An exploration of the West’s new colonialism and in turn the human condition, Michel Houellebecq‘s Platform is a prime example of a book that shocks the unshockable, that does not toe the party line but rather off-roads it, forcing us to question our own righteous assumptions. Following his equally controversial Atomised, the book sent the intelligentsia reeling, startling not merely with its obscene content (that they can handle) but its apparent support of sex tourism and Islamophobia. Some reacted in the manner of their conservative arch-enemies and issued denunciations in the guise of reviews, others timidly acknowledged his skills as a writer and merely damned him as a human being. Houellebecq soon faced a law suit for inciting racial hatred, initiated by an unlikely, even unholy, alliance of the French Human Rights and the World Islamic League. Eventually, the writer was acquited by a court, who upheld the Fifth Republic’s cornerstone of liberté and Voltaire‘s tradition of religious dissent.

The power of, and the problem with, Houellebecq is that he gets you thinking about the whole artifice constructed by the liberal orthodoxy and you’re forced into taking some kind of position. And in the conceited apathy-ridden climate of Generation X and the materialistic Generation Y, that’s an achievement in itself. The reason this solitary writer provoked such anger is because we suspect deep down beneath the political correct layers we’ve built that the man has a point and we hate ourselves, or are supposed to, for thinking it. Yet the paradox is always there, that Houellebecq seems to despise perhaps the only system that would (lawsuits permitting) allow him to so vocally despise it. The alternatives have not proved to be so forgiving. Free speech, it is evident, is not something that we passively have but something that we must spar, sometimes brutally so, for. Salman Rushdie has been lucky so far, Theo Van Gogh was not.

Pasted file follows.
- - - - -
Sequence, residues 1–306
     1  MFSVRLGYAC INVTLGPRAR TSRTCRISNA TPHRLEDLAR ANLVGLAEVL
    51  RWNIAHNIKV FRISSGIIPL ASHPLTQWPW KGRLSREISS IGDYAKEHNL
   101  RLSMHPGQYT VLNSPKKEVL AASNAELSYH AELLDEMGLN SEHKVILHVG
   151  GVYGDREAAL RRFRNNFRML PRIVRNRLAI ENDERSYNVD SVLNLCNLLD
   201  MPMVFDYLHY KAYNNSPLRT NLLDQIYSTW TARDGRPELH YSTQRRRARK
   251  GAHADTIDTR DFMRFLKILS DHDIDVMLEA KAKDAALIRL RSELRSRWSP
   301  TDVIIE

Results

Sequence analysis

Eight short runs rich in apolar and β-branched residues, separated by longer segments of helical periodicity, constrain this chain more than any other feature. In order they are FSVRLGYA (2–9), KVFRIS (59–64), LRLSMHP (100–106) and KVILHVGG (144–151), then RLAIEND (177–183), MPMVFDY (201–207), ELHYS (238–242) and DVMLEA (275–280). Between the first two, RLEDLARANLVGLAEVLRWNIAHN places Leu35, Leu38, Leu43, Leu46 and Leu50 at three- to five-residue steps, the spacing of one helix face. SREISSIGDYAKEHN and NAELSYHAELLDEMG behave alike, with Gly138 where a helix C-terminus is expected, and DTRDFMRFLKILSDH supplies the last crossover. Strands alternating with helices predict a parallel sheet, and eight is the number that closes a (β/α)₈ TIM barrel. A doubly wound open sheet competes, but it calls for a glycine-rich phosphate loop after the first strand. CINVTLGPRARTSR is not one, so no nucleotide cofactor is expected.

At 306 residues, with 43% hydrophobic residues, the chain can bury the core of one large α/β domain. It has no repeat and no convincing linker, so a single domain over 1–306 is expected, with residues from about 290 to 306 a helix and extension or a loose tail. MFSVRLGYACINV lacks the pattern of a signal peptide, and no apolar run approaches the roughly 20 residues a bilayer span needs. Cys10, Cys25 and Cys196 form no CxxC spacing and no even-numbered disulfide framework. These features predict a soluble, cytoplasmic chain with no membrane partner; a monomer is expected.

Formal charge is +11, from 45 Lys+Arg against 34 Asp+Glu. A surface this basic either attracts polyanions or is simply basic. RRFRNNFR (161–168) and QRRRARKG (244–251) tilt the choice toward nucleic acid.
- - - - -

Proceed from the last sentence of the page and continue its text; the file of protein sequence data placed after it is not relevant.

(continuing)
There’s been other recent contenders for enfant terrible in novel form but perhaps none as effective: The Wasp Factory, a fine atmospheric Scots Gothic novel, bore a notorious ending that now seems more than slightly ludicrous while the much-feted ‘Guts’ (from Haunted) by Chuck Palahnuik (which provoked 73 faintings and an indeterminate number of vomitings among poor gentle souls at book-readings) is too slapstick to truly chill or stir the soul. Shock they may well do but neither were the moral incendiary device that Platform was and remains.

Who else then in modern times has succeeded in turning society’s stomach and examining the contents? For all his storytelling nous and high culture references, Thomas Harris writes airport novels. Martin Amis‘ remarkable and appropriately-titled sophomore Dead Babies has definite punch (if somewhat overtaken by his petrifying factual Koba the Dread), A.M. Homes‘ genuinely disturbing tale of grooming and child-murder The End of Alice was roundly condemned, but stands as the equal, and a shadow, to the universally-acclaimed bookclub favourite The Lovely Bones. J. G. Ballard‘s managed to do it several times (Crash, Atrocity Exhibition) despite being decontaminated and elevated onto the pedestal of high art. Bret Easton EllisAmerican Psycho too has gone beyond pulp horror and been embalmed as a modern classic but rereading it you’re struck by how fucked up and disconcerting it actually is. There are parts, many pages long, of the most repellent rape, torture and butchery (mirroring earlier bouts of hedonism in the book) that make it a difficult read, albeit lightened by the fact the book is also ruthlessly satirical and hilariously funny (you’ll never think of Huey Lewis or Phil Collins in the same way). Only in totalitarian societies does poetry matters enough to warrant being censored, though Tony Harrison‘s remarkable opus V did cause a commotion by confronting British skinhead culture head-on and in a commendably visceral way. The latter’s potency highlights both the need for such works and the crucial absence of them, the need for something that goes beyond the empty adolescent thrill of blood and guts and actually says something, a book that shakes us to our core in words, the way films like La Haine, Man Bites Dog or Irreversible do so devastatingly in film.